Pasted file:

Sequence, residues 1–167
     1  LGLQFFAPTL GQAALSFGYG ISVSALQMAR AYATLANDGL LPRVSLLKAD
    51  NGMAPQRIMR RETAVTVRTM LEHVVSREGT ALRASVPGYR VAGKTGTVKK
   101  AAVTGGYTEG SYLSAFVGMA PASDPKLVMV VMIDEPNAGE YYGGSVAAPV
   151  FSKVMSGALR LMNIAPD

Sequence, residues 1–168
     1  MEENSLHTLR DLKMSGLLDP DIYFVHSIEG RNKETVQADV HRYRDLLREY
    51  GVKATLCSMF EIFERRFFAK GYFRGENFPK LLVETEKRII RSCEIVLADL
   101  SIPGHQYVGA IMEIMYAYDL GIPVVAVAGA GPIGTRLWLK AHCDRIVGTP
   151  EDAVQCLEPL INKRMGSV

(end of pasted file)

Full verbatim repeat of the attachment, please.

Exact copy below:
Sequence, residues 1–167
     1  LGLQFFAPTL GQAALSFGYG ISVSALQMAR AYATLANDGL LPRVSLLKAD
    51  NGMAPQRIMR RETAVTVRTM LEHVVSREGT ALRASVPGYR VAGKTGTVKK
   101  AAVTGGYTEG SYLSAFVGMA PASDPKLVMV VMIDEPNAGE YYGGSVAAPV
   151  FSKVMSGALR LMNIAPD

Sequence, residues 1–168
     1  MEENSLHTLR DLKMSGLLDP DIYFVHSIEG RNKETVQADV HRYRDLLREY
    51  GVKATLCSMF EIFERRFFAK GYFRGENFPK LLVETEKRII RSCEIVLADL
   101  SIPGHQYVGA IMEIMYAYDL GIPVVAVAGA GPIGTRLWLK AHCDRIVGTP
   151  EDAVQCLEPL INKRMGSV